Total proteins were extracted from whole colonic samples of mice, inflamed biopsy samples of IBD patients and controls, murine and human LPMC. Extracts were lysed on ice with a buffer containing 10 mM HEPES [pH 7.9], 10 mM KCl, 0.1 mM ethylenediaminetetraacetic acid (EDTA), 0.2 mM ethylene glycol-bis (β-aminoethyl ether)-N,N,N′,N′-tetraacetic acid (EGTA), and 0.5% Nonidet P40 supplemented with 1 mM dithiothreitol (DTT), 10 mg/ml aprotinin, 10 mg/ml leupeptin, 1 mM phenylmethylsulfonyl fluoride (PMSF), 1 mM Na3VO4, and 1 mM NaF. Lysates were clarified by centrifugation and separated on sodium dodecyl sulfate (SDS)-polyacrylamide gel electrophoresis. Blots were incubated with antibodies recognizing the phosphorylated Threonine 172 (Thr172) of catalytic α subunit of AMPK (p-AMPKα), total form of AMPKα (both 1: 1000 final dilution, Cell Signaling Technology, Danvers, MA, U.S.A.), p-ERK1/2 (1:500 final dilution; Santa Cruz Biotechnology, Dallas, U.S.A.), p-p38 (1:1000 final dilution; EMD Millipore Corporation), and p-JNK (1:500 final dilution; Santa Cruz Biotechnology) followed by a secondary antibody conjugated to horseradish peroxidase (1:20000 final dilution; Dako). After analysis, each blot was stripped and incubated with a mouse–anti-human monoclonal β-actin antibody (1 : 5000 final dilution, Sigma-Aldrich) to ascertain equivalent loading of the lanes.
RNA extraction, complementary DNA preparation, and real-time polymerase chain reaction
RNA was extracted from human LPMC and whole colonic samples of mice using PureLink mRNA Mini Kit (Thermo Fisher Scientific, Waltham, MA, U.S.A.), according to the manufacturer’s instruction. A constant amount of RNA (1 µg per sample) was reverse transcribed into complementary DNA (cDNA) and this was amplified using the following conditions: denaturation for 1 min at 95°C; annealing for 30 s at 61°C for human IL-6, 60°C for mouse IL-6 and human/mouse β-actin; 30 s of extension at 72°C. Primer sequences were as follows: human IL-6 forward 5′-CCACTCACCTCTTCAGAACG-3′, reverse 5′-GCCTCTTTGCTGCTTTCACAC-3′; mouse IL-6 forward 5′-AGCCAGAGTCCTTCAGAGAG-3′, reverse 5′-GATGGTCTTGGTCCTTAGCC-3′; β-actin (forward 5′-AAGATGACCCAGATCATGTTTGAGACC-3′, reverse 5′-AGCCAGTCCAGACGCAGGAT-3′) was used as a housekeeping gene. Gene expression was calculated using the ΔΔCt algorithm.
Total proteins extracted from colon samples of mice were analyzed for the content of IL-6 using a specific ELISA kit (R&D Systems) in accordance with the manufacturer’s instructions.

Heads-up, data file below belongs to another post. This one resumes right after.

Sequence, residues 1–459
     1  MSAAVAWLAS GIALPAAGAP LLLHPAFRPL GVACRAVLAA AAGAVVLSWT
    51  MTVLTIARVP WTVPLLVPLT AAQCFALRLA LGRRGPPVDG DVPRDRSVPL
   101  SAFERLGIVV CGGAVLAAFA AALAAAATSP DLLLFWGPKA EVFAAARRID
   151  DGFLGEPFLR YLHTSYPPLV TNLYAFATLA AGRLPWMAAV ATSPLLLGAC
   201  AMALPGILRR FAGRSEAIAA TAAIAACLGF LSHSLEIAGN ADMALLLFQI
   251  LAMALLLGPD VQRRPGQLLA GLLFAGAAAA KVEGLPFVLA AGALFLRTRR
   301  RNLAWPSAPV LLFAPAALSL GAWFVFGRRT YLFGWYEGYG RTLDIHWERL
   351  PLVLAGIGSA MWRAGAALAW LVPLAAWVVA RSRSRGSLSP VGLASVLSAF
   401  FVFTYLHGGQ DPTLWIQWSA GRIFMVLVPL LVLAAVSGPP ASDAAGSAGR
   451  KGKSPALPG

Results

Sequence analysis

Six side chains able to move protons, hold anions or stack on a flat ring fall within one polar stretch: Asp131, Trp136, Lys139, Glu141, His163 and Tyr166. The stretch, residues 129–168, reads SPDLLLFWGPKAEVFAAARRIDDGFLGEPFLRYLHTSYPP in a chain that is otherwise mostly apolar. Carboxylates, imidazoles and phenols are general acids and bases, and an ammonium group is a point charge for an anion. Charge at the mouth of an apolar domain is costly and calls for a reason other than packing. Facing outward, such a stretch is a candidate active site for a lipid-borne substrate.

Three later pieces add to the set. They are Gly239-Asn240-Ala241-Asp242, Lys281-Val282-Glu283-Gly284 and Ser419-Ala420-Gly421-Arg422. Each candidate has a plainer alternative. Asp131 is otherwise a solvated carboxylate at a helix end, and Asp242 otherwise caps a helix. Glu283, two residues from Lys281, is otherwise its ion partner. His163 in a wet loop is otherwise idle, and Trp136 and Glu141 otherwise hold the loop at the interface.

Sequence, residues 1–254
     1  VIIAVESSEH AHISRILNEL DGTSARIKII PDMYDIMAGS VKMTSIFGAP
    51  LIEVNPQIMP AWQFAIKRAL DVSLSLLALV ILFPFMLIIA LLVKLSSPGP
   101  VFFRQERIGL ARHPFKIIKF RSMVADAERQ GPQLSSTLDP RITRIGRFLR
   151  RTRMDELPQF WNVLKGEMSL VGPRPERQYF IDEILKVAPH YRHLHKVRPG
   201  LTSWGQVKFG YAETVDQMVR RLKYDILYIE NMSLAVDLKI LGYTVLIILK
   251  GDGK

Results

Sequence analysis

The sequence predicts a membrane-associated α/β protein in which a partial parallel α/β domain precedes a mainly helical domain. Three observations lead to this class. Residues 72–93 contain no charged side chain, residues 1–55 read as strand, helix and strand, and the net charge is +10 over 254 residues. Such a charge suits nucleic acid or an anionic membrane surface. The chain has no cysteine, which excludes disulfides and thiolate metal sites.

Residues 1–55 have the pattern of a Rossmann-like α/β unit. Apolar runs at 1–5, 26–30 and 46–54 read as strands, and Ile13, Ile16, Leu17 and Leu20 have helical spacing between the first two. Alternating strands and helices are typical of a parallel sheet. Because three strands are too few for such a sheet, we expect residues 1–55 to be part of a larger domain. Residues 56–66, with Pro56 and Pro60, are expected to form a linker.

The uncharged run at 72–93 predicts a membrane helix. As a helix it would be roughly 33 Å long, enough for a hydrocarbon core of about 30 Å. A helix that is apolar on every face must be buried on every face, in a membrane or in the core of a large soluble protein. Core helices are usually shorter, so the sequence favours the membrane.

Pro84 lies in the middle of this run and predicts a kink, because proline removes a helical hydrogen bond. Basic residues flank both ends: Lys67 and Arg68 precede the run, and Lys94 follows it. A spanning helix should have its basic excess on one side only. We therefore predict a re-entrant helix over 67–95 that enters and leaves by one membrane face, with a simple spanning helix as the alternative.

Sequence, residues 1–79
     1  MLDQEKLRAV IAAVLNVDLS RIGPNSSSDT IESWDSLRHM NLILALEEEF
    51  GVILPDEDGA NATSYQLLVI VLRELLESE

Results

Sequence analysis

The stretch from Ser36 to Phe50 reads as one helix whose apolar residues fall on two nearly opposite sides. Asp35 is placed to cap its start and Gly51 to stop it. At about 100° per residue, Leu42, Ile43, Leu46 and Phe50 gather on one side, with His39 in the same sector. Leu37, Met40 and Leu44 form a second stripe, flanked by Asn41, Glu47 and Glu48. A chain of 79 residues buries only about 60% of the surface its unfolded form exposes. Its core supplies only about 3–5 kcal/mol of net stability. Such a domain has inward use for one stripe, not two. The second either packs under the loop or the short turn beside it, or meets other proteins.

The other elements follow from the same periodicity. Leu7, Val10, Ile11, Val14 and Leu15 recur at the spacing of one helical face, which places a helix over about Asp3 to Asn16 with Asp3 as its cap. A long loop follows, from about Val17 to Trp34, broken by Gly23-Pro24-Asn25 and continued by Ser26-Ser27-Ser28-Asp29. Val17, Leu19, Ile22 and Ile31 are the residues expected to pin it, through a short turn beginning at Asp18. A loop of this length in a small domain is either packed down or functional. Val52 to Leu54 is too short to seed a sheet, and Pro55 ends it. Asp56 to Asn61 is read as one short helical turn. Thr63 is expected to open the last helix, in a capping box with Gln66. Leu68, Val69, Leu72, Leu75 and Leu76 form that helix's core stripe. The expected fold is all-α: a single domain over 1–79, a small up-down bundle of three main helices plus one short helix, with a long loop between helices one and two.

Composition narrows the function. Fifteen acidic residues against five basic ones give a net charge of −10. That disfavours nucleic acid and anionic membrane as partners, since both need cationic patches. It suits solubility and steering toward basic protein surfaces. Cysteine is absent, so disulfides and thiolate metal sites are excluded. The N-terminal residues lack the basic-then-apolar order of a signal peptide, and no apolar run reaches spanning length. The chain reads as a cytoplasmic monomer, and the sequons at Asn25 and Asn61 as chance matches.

Statistical analysis of the data was performed using the Student’s t test.
Metformin ameliorates dextran sulfate sodium-induced colitis
In initial experiments, we determined whether metformin is therapeutic in the well-standardized experimental mouse model of DSS-induced colitis. Neither visible toxic effects of the drug nor changes of animal behavior were observed during the experimental procedures. DSS-treated mice given intraperitoneal metformin showed reduced colonic inflammation as indicated by the diminished weight loss and greater colon length as compared with DSS-treated mice (Figure 1A,B). Moreover, histologic examination of colonic samples as well as blinded histologic scoring of colitis showed that metformin was effective in attenuating the DSS-driven colonic inflammation (Figure 1C). Similar results were seen when metformin was given by oral gavage (data not shown). Therefore, the subsequent experiments were performed using the intraperitoneal administration of metformin.
Metformin is therapeutic in mice with DSS-induced colitis
Since IL-6 is one of the predominant cytokines found in inflamed areas of IBD patients and it is supposed to play a major role in the pathogenesis of gut tissue damage [2,26], we next examined IL-6 expression in the groups of mice. Colonic samples of mice given metformin exhibited a decreased IL-6 RNA expression as compared with those taken from DSS-treated mice (Figure 1D). Flow cytometry analysis of LPMCs isolated from these groups of mice showed that metformin reduced the percentage of CD11c+/IL-6-producing cells (Figure 1E). Metformin treatment did not significantly change the percentages of DX5+ and F4-80+/IL-6-producing cells (Supplementary Figure S1) while IL-6 was barely detectable in CD3+ cells in both groups of mice (data not shown).
Metformin treatment increases AMPK expression during DSS-colitis
Activation of AMPK mediated by Threonine 172 (Thr-172) phosphorylation occurs in cells treated with metformin and is supposed to mediate metformin biological functions. Therefore, we determined whether the benefit seen in colitic mice following metformin treatment was associated with enhanced expression of p-AMPK. p-AMPK expression quantitated by densitometry and normalized by total AMPK expression was significantly diminished in mice with DSS-induced colitis as compared with naïve mice. Metformin treatment totally reverted the DSS-induced p-AMPK down-regulation (Figure 2A). Immunohistochemical analysis confirmed such data and showed that metformin increased expression of active AMPK in both epithelial and lamina propria compartments (Figure 2B).
Metformin enhances AMPK phosphorylation in the colons of DSS-treated mice
AMPK activation is not sufficient to mediate the therapeutic effect of metformin in colitic mice